Special Feature: The Rise and Fall of Imageepoch

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Imageepoch’s had serious potential to become a formidable competitor as a game developer and publisher, and it was a shame to see them venture down a path to ruin.

There were months of warning signs in the form of staff departures and their latest title being in limbo, but Imageepoch ended up stealthily fading from existence at the end of March. “Stealthily” meaning it happened in a way only a small Japanese developer and/or publisher could get away with, by not providing an official notice announcing their shuttering. We found out when their main websites went down on April 1st, a date marking…no, not April Fools’ Day, but the beginning of a new fiscal year for Japanese companies.

It’s a pity, because it feels like it was only yesterday when they embarked on the ambitious but potentially arduous road of self-publishing, though it occurred in November 2010. The company started as a developer who worked on titles for other publishers, responsible for works that garnered a good reception from fans like The 7th Dragon, Arc Rise Fantasia, and Last Ranker, developed for Sega, Marvelous Entertainment, and Capcom, respectively.

Arc Rise Fantasia
Arc Rise Fantasia

It feels like we never got to know the “good” side of Imageepoch, given the three games listed. The 7th Dragon and Last Ranker were never released outside of Japan, and Arc Rise Fantasia received a poor localization courtesy of the also-defunct Ignition Entertainment. 7th Dragon, at least, received a fan translation last year.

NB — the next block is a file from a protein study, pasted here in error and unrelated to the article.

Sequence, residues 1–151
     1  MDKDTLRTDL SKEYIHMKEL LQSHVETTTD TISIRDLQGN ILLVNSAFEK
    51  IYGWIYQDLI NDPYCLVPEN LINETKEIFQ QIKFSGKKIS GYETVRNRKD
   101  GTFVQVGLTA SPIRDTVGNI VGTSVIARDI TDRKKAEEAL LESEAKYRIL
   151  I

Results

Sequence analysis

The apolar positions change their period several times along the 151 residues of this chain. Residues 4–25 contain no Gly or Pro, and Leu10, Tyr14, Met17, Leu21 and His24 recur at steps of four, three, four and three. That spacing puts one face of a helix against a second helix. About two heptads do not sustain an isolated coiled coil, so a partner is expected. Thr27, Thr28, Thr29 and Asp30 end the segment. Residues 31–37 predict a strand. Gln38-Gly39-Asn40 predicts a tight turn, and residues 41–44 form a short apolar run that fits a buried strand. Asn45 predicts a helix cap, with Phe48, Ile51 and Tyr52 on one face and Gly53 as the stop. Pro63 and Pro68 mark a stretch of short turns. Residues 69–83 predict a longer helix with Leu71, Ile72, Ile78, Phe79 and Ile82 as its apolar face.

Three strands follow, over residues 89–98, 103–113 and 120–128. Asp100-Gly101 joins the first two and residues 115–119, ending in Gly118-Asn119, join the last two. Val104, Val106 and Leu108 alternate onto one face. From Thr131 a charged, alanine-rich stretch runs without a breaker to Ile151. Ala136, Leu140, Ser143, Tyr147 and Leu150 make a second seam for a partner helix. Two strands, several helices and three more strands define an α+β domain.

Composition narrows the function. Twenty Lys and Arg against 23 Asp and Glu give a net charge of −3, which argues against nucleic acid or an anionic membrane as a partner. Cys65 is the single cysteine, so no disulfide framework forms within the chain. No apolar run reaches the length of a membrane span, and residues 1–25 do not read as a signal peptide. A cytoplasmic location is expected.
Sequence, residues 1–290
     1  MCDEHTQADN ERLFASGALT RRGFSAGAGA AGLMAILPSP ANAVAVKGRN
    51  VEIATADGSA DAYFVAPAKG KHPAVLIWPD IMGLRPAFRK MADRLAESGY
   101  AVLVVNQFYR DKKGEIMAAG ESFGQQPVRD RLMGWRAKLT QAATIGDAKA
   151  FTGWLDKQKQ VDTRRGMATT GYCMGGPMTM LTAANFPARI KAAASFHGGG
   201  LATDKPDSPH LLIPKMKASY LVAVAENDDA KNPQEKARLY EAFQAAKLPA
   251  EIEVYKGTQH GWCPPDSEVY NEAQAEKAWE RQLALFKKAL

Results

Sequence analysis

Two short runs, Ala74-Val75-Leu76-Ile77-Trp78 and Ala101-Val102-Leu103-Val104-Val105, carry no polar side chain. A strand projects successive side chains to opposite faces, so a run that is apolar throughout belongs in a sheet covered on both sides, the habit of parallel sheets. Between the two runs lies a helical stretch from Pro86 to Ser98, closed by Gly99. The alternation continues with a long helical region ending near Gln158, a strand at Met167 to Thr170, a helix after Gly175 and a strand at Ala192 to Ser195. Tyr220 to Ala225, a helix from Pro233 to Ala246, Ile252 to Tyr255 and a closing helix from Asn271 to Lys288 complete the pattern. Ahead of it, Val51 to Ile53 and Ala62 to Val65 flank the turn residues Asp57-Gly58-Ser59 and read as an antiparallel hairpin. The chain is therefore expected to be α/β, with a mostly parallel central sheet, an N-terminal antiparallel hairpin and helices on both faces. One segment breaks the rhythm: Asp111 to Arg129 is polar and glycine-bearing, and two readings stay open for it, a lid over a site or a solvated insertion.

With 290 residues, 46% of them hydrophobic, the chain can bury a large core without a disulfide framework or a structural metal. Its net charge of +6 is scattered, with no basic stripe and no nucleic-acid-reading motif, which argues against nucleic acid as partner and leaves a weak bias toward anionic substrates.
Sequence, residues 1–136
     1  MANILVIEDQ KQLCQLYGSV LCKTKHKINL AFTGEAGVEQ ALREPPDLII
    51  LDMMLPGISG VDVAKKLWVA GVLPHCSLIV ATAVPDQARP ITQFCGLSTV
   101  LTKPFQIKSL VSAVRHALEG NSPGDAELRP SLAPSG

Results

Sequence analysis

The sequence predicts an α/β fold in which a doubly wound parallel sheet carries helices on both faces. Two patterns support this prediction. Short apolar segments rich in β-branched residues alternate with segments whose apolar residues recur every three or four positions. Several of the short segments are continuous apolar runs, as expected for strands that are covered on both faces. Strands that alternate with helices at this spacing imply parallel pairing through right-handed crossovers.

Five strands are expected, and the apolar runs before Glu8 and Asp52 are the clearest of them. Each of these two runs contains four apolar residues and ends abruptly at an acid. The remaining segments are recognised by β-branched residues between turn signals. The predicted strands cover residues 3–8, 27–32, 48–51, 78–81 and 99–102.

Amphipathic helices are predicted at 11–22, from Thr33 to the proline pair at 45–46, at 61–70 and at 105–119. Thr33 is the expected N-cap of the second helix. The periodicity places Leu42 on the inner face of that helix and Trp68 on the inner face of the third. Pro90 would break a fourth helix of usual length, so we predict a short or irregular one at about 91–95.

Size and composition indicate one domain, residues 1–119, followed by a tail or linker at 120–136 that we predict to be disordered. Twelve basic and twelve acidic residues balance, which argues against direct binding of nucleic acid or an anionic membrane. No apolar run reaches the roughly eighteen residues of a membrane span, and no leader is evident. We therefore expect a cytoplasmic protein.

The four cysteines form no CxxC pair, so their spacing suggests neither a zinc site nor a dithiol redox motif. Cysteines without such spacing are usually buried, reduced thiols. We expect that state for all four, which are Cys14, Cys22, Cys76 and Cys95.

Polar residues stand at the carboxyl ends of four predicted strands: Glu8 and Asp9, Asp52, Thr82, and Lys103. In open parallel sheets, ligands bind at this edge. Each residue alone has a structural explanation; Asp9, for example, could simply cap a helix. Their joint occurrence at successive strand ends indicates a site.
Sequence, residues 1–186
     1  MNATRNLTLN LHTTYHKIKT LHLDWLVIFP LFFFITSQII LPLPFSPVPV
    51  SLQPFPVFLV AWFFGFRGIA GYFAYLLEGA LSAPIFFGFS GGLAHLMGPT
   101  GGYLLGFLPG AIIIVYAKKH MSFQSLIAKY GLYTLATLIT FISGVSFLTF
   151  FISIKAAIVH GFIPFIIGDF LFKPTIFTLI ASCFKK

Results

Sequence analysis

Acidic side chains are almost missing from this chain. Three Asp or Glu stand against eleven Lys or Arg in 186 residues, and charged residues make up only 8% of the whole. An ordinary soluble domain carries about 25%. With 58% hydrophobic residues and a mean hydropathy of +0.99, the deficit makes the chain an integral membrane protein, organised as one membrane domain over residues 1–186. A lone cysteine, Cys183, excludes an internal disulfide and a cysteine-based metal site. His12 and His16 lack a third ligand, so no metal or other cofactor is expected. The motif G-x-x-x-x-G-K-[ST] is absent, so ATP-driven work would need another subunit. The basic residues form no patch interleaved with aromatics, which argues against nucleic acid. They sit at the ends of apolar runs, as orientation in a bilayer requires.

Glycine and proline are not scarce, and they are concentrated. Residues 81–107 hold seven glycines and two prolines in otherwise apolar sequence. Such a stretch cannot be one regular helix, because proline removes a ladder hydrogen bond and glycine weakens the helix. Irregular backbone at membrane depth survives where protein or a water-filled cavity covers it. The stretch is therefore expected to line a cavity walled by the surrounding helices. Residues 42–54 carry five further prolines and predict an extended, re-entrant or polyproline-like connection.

Of course, during that time, they also made merely adequate strategy/RPGs with the Luminous Arc titles and super-skeevy Criminal Girls. Nevertheless, they sold well enough to establish a small, dedicated audience for their titles, enough that venturing into self-publishing seemed like a good idea at one point.

Imageepoch wanted to make their entry in a big way, launching a campaign that made the grandiose claim of potentially saving the Japanese RPG market, a genre that fell far from its popularity height during the SNES, PSOne, and PS2 days. It was one of the silliest things I’d ever seen, especially with the cheesy English voiceover they used in their video. No one believed they would live up to this, but they set expectations high, and fans of the genre still reeling from its fall from grace were expecting some enjoyable products similar to their previous output.

That all came crashing down when people saw the quality of those games.

Their first self-published title was Final Promise Story, an RPG for PSP mostly played in first-person. Despite having promise (pun not entirely intended), it garnered mediocre reviews and sales in Japan, and never left its home country. Black Rock Shooter, their second title that was released worldwide, was solid (as, well, a rock), but was nothing spectacular. Not a good first showing for a company that made such lofty promises. People knew they were capable of good things, so faith in the company remained.

Then along came a title that sent them figuratively crashing into the ground with the hardest thud that could possibly be made: Time and Eternity.

Time and Eternity
Time and Eternity

Simply put, there isn’t much worthwhile about the game. It looked OK from the still screenshots, though the inconsistency between the 2D animation and 3D backdrops was present even then. Seeing the game in motion really put how ugly it looked into perspective. It also came with a story that doesn’t do much littered with player choices that make little difference, and featured some of the worst music the usually-great Yuzo Koshiro has ever composed. It garnered low critical reviews and sold poorly in every territory it released in, and was runner-up for “Kusoge of the Year 2012” (translator’s note: “kusoge” means “shit game”) on Japanese bulletin board 2ch. It tarnished Imageepoch’s reputation forever, enough for them to be never taken seriously again. For a company that claimed it would save the genre, this was the ultimate irony.

It’s worth noting that Time and Eternity wasn’t one of Imageepoch’s self-published titles. Bandai Namco handled publishing, promotion, and distribution, though they suffered no setbacks from it.